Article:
I recall an evening roughly a year ago where I was with a group of friends heading back home after a night out in one of the many chilled out bars located around Beijing’s Gulou area. In a turn of events that would surely contradict any perception of construction safety anywhere outside of China, we were approached by these bar owners who were conglomerating outside their soon-to-be-destroyed establishment, and were invited in the derelict interior to assist them in knocking down a wall using a pneumatic drill.
As it was a blissful summer’s evening and we were under the influence of one or two beers, we gladly obliged, each picking up the gigantic pieces of destructive machinery, minus (of course) any form of protective wear such as gloves and hats, and were told by one guy to “press here” as we aimlessly directed the drills towards the wall in a attempt to score yet another “hey mum, look at what I’m doing in China” moment.
We revelled at it at the time, but it has now dawned on me that that night my friends and I played a small part in the ongoing destruction of the Gulou area, which has taken horrifyingly huge steps over the past few months. I’ve always been aware that the authorities have been gradually knocking down the hutongs in favour of high rises, though I’d never actually witnesses the full effects. Now, if you take the subway down to Gulou Dajie on line 2 (which I do on a regular basis), you’re instantly greeted with regiments of cranes and bulldozers as they attempt to modernise the area. What a shame. Even the restaurant where U.S. Vice President Joe Biden famously grabbed a bite to eat during his visit back in 2011 seems to have been demolished, as the city makes way for its expansion of the subway line 8 which is expected to pierce through the heart of the old city all the way down to nearby Tiananmen. Upon looking at the future subway map, both Dongcheng and Xicheng districts are sizably carved up by new subway lines, which will inevitably see the destruction of more hutongs and siheyuans in its wake.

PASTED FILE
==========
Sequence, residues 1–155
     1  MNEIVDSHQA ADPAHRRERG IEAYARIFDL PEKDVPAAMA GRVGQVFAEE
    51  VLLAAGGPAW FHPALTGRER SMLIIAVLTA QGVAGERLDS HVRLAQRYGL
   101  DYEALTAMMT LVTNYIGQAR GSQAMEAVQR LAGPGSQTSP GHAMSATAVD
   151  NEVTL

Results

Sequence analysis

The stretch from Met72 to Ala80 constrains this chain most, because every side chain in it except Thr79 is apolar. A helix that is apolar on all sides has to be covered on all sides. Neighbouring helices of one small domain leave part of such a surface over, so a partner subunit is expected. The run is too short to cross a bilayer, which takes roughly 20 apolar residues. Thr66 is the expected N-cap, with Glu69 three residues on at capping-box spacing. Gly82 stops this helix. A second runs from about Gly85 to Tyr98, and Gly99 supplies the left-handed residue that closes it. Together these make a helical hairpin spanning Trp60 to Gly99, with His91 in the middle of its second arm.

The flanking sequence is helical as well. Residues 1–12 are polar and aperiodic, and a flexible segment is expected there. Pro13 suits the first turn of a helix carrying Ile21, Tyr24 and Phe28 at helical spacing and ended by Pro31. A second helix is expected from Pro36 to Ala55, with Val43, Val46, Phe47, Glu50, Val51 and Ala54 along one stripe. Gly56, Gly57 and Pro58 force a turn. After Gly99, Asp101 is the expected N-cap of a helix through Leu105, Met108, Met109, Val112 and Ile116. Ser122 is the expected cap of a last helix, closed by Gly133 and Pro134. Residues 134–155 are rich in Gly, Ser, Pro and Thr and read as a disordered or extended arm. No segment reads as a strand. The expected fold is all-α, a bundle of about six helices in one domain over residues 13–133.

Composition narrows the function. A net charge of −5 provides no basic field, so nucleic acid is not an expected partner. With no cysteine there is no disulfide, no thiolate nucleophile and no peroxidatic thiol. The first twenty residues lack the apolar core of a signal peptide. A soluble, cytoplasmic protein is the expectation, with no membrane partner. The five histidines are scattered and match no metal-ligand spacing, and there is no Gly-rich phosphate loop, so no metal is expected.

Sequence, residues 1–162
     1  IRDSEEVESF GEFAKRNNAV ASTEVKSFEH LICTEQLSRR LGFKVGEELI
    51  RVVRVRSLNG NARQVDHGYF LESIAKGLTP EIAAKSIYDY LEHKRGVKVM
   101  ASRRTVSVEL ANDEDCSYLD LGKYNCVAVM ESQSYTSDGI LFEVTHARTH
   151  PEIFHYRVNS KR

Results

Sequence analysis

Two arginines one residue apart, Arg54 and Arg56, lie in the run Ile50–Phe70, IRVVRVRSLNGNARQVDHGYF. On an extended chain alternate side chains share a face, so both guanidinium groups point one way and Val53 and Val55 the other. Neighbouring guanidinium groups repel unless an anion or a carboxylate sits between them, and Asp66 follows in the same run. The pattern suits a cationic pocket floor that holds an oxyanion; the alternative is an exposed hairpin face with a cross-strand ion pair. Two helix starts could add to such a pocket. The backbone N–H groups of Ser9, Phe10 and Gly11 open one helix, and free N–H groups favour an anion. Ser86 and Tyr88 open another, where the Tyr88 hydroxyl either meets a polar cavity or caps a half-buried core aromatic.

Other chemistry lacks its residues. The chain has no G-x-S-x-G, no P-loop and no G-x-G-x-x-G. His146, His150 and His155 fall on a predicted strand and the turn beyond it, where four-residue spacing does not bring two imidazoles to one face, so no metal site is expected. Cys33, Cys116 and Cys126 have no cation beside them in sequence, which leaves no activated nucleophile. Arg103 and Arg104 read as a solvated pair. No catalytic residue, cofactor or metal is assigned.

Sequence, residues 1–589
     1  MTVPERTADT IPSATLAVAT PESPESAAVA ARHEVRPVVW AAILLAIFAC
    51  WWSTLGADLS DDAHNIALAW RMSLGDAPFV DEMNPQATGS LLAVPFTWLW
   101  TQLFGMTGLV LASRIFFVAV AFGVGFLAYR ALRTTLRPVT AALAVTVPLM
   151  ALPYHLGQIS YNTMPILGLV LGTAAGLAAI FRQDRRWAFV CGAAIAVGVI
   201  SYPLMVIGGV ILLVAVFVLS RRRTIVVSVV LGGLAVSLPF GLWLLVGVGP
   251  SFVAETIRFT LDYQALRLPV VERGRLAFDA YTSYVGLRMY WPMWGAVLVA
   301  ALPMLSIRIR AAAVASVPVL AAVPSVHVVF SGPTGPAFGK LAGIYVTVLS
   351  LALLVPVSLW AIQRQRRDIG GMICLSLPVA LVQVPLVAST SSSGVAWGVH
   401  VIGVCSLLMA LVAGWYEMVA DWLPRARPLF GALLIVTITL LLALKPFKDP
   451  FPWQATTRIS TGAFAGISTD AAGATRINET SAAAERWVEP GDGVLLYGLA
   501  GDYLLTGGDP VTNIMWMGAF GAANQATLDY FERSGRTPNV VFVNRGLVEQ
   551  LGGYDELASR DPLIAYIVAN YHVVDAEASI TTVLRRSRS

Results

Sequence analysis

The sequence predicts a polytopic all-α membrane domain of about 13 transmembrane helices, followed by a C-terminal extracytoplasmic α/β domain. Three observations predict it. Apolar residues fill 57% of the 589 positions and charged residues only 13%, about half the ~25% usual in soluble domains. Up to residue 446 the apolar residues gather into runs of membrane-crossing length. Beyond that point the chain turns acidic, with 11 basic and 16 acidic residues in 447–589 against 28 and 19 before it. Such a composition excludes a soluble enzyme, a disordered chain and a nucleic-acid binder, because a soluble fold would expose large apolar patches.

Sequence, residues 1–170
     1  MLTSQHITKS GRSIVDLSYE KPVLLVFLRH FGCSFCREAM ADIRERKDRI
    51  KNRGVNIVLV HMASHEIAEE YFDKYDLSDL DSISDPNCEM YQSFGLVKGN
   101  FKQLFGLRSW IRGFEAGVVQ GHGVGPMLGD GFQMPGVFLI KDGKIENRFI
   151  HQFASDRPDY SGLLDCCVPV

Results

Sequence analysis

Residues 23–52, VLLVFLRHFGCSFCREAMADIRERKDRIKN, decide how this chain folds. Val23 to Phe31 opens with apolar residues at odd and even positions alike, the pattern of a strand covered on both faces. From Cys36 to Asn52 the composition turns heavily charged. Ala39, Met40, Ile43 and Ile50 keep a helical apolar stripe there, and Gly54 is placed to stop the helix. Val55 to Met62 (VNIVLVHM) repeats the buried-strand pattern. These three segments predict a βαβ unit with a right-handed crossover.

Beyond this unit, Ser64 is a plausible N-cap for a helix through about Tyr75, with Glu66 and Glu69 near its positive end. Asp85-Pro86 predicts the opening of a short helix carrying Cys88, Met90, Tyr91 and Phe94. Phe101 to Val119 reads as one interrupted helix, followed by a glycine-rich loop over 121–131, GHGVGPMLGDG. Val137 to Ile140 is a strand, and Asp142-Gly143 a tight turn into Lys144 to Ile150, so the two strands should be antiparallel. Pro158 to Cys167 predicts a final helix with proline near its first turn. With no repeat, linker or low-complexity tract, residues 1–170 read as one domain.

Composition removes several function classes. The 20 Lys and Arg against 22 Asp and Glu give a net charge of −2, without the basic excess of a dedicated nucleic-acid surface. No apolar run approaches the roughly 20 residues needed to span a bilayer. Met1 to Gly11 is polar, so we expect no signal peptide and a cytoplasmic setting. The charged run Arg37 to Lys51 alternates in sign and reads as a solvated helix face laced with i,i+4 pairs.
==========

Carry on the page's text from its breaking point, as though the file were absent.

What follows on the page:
For me, areas such as Gulou, Houhai, Beixinqiao and Nanluoguxiang are what’s keeping me in the city. I love taking a weekend stroll and getting lost in the many winding alleys and encountering a charming, hidden bar or café that I never knew existed before. For Beijinger’s, it’s hard to say what they really feel. Proud as they are about their heritage, they may see it all as necessary processes in order to ascertain a greater status of development for Beijing as a whole. I have one friend who used to live in a hutong around the Military Museum, who told me that he and his family were forcibly moved from their homes in the late 90s. As the demolition crews loomed, the compensation given to them was nowhere near enough to buy a tiny (by comparison) flat in a high rise neighbourhood where the charming sense of community that comes with hutongs and siheyuans is totally nonexistent. I don’t know if his sentiments are shared by those across the city, but I for one am always saddened to see the destruction of these neighbourhoods and the gradual erosion of what is slowly becoming a less and less liveable city to reside in. Next time I’m offered a pneumatic drill, I’ll remember to politely decline.
Tags:Lifestyle Expat Tales Expat Rants & Advice
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